Classical CD Reviews
Distant Light = BACH: Violin Concerto No. 1; Violin Concerto No. 2; VASKS: Concerto for Violin and Strings “Distant Light” – Renaud Capucon, violin/ Chamber Orch. of Europe – Erato
Published on July 20, 2014
Distant Light = BACH: Violin Concerto No. 1 in A Minor, BWV 1041; Violin Concerto No. 2 in E Major, BWV 1042; VASKS: Concerto for Violin and String Orchestra “Distant Light” – Renaud Capucon, violin/ Chamber Orch. of Europe – Erato 08256 463232 2, 60:00 (5/13/14) [Distr. by Warner Classics] ****:
Recorded at the Darius Milhaud Conservatory, Aix en Provence (5-7 December 2013), the two Bach Violin Concertos enjoy a lithe and stylistic interpretation, with a reduced Chamber Orchestra of Europe led from the solo by Renaud Capucon (b. 1976). Capucon utilizes short, energetic bow strokes for his long-lined attacks, asserting the tonic chord in the E Major Concerto Allegro with a fervent gusto. The plangent opening six measure of the Adagio highlights the continuo of Celine Frisch before Capucon makes his affecting entry in C-sharp Minor. The melancholy intimacy of this movement warrants the price of admission. The singing tone of Capucon’s instrument, a Guarnerius del Gesu “Panette” that once belonged to Isaac Stern adds to the exquisite sweetness of the occasion. The concluding dances with requisite panache and an elegant sense of closure for a dance that sings and skips with facile bravura.
The more Italianate A Minor Concerto extends the Vivaldi model by injecting a define sense of tragic pathos. A martial ethos permeates its figures, often in ritornello format whose repetitive phrases increase in emotional intensity as the music wends its way forward. The C Major Andante, too, elicits a definite gravitas, a penchant for orchestral sighs, over which Capucon intones a reverent cantilena. The continuo triplets from the Frisch continuo provide a semi-funereal pulse to a personal swan-song. The final movement, Allegro assai in 9/8, moves with hearty bravura, a flighty gigue which often allows the Capucon tone to sail above the rustic festival with enchanted wings.
Peteris Vasks (b. 1946) is a Latvian composer who feels that his music expresses the sufferings his people endured by way of Nazi and Soviet occupation. Fellow violinist and compatriot Gidon Kremer has exerted considerable influence on Vasks, particularly requesting the composition of this violin concerto (1996-97) Distant Light. The violin enters at the anguished top of its range, Andante, supported by strings. Shifting textures ensure, high harmonics pitted against diatonic episodes in a kind of melodic fantasia. The piece sports three Cadenza movements, the first of which uses double stops and pizzicato effects. A Cantabile episode ensures, returning to the extremes of the upper range, quite plaintive.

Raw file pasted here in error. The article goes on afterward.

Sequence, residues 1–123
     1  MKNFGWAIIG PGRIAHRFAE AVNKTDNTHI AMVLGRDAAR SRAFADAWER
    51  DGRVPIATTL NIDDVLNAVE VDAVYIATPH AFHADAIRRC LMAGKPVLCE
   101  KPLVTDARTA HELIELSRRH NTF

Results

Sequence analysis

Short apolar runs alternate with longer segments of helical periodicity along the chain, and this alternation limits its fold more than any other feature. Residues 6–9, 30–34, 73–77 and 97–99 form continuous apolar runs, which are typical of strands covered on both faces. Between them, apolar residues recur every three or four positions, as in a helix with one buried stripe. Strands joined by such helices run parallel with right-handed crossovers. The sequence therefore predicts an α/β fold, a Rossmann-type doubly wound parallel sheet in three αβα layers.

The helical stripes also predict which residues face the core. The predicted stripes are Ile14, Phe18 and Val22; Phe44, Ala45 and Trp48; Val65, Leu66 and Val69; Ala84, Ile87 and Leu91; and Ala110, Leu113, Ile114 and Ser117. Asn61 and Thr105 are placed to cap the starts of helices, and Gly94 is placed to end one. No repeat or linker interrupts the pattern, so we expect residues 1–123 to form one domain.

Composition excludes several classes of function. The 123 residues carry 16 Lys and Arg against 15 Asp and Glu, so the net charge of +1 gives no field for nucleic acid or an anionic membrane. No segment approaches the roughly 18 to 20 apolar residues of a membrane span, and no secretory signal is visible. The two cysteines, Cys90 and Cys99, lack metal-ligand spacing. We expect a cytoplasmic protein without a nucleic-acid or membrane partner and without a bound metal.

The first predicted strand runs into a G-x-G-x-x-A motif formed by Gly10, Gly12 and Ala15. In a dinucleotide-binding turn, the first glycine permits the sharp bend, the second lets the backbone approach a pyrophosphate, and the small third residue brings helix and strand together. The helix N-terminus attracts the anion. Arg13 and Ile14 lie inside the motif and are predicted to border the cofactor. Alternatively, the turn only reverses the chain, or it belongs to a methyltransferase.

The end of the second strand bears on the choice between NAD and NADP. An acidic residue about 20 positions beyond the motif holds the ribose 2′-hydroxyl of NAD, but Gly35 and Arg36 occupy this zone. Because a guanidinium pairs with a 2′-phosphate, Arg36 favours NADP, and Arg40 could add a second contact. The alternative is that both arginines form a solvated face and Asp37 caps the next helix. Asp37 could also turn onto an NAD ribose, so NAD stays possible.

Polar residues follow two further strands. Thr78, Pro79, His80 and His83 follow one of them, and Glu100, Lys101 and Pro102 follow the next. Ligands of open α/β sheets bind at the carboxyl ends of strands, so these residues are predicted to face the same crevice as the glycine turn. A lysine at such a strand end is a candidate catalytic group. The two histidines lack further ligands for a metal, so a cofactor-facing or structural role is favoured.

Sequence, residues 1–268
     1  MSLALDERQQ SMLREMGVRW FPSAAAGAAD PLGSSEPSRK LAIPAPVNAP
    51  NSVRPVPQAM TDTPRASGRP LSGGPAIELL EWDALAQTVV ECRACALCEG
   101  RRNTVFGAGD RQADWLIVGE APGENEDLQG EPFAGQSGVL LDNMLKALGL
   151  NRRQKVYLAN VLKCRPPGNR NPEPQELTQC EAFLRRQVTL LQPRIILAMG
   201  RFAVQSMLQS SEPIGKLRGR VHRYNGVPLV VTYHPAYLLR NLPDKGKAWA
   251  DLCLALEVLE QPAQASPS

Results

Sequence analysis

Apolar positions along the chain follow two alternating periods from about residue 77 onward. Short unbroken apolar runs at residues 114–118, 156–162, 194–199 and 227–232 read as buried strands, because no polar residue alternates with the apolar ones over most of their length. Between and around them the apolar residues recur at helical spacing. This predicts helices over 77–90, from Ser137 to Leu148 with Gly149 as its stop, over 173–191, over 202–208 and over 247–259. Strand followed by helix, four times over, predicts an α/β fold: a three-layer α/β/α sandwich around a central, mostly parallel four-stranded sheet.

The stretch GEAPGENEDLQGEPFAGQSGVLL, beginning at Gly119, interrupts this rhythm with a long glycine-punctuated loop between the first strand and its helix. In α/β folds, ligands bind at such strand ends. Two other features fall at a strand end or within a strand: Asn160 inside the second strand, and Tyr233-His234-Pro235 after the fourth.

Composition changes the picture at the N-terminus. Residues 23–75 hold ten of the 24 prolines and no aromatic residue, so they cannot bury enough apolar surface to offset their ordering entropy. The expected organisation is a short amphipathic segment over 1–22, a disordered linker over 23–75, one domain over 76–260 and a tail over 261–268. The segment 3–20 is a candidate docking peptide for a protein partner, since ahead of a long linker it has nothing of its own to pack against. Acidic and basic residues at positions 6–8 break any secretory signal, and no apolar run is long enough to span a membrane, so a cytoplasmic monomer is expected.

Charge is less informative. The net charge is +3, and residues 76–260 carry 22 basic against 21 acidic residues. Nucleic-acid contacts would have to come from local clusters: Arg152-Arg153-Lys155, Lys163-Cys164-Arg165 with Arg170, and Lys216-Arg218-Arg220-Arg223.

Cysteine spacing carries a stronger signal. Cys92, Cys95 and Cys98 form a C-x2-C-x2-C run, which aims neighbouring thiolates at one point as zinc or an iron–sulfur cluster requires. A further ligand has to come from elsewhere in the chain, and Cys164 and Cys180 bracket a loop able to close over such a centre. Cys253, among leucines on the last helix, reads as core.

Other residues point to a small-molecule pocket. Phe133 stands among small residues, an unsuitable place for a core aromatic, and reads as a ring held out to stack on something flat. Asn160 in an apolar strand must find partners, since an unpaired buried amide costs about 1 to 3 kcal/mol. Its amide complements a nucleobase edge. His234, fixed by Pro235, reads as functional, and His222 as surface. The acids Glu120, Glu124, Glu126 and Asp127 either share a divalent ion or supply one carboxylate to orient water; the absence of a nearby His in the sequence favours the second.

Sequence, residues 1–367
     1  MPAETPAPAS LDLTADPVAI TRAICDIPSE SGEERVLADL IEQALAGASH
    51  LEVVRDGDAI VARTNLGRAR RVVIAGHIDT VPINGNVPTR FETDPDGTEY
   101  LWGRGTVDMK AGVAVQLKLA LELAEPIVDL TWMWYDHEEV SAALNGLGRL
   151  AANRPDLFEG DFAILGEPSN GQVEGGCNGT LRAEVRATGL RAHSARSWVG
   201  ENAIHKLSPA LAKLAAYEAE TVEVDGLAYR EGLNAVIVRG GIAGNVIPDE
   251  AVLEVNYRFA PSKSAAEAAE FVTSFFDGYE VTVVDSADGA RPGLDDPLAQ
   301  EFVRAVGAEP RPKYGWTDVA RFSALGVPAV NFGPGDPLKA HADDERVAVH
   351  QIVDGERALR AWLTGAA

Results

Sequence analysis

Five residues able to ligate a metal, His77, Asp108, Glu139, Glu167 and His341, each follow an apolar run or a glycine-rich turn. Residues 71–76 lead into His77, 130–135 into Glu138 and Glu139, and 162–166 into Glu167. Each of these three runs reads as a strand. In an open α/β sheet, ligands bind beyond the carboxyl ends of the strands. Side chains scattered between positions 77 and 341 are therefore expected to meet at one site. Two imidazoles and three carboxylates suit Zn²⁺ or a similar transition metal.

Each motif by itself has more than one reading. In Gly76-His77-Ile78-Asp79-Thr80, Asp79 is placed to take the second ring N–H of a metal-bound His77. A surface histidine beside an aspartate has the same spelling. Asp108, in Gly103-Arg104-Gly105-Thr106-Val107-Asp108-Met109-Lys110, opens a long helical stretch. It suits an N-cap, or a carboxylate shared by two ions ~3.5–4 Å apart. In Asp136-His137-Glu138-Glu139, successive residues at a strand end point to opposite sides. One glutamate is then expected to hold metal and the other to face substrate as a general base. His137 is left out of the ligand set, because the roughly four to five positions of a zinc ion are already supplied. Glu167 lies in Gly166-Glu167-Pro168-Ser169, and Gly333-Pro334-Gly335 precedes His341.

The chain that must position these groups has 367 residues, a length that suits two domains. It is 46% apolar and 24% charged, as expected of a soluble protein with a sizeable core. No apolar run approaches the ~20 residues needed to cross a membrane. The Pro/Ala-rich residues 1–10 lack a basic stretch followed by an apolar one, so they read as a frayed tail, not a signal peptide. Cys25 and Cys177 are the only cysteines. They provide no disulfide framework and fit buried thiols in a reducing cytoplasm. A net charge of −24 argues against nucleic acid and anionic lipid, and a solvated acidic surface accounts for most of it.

Clearly, this music, whose Mosso movement follows, expresses a powerful requiem for a lost heritage. A lachrymose dance, the Mosso contains Latvian rhythms that break off for Cadenza II, much in the jerky, stabbing manner of the Stravinsky Concerto. Another break: now, the Cantabile (Adagio) dirge sets in, a true threnody of some powerful melodic content. At the peak of the agon, Capucon initiates Cadenza III, a striking bit of solo drama interrupted rudely by a frenzied Tempo de valse that outdoes Shostakovich for bitter tea. As suddenly as it appeared, the “waltz” disappears so that an extended Andante, grim as the opening Adagio, makes its consoling way to the “distant light” of the past or the uncertainty of the illumined future. Capucon cherishes this modern concerto, claiming in his program notes, that Vasks and Bach share “purity of line, simplicity, celestial harmony. . .a search for the absolute. As well as moment of Grace”
A small caveat: the tempo indications and timings listed for the two Bach concertos are reversed.